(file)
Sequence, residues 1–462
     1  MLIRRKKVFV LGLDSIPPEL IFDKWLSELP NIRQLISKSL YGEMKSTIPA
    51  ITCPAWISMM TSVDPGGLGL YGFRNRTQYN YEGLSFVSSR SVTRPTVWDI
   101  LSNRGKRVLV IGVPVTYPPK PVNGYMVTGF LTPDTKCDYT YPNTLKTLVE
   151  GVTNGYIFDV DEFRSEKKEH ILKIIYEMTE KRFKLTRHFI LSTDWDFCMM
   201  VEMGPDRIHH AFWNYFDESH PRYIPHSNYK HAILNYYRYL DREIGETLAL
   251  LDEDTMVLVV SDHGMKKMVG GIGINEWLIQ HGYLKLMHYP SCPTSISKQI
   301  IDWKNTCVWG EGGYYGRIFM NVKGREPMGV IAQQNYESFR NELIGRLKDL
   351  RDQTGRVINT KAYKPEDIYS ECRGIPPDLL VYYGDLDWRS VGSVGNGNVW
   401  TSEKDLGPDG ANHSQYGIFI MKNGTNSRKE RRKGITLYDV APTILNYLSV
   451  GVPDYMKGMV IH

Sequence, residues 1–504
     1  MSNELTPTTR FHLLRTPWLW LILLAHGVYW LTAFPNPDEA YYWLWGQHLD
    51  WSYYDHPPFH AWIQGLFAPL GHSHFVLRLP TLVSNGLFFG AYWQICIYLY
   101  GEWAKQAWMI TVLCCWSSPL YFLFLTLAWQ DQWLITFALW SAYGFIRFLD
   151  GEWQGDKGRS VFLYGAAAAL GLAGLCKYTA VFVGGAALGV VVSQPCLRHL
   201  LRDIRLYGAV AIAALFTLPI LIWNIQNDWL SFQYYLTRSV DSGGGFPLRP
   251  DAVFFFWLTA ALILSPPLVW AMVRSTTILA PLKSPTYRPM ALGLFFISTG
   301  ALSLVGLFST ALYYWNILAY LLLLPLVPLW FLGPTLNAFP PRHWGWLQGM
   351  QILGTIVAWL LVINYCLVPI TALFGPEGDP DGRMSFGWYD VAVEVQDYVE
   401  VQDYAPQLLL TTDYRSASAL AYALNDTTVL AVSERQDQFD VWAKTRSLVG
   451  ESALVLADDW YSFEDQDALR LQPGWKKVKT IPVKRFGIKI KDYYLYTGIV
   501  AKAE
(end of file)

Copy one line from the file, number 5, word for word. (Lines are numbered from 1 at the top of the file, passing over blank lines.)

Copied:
   151  GVTNGYIFDV DEFRSEKKEH ILKIIYEMTE KRFKLTRHFI LSTDWDFCMM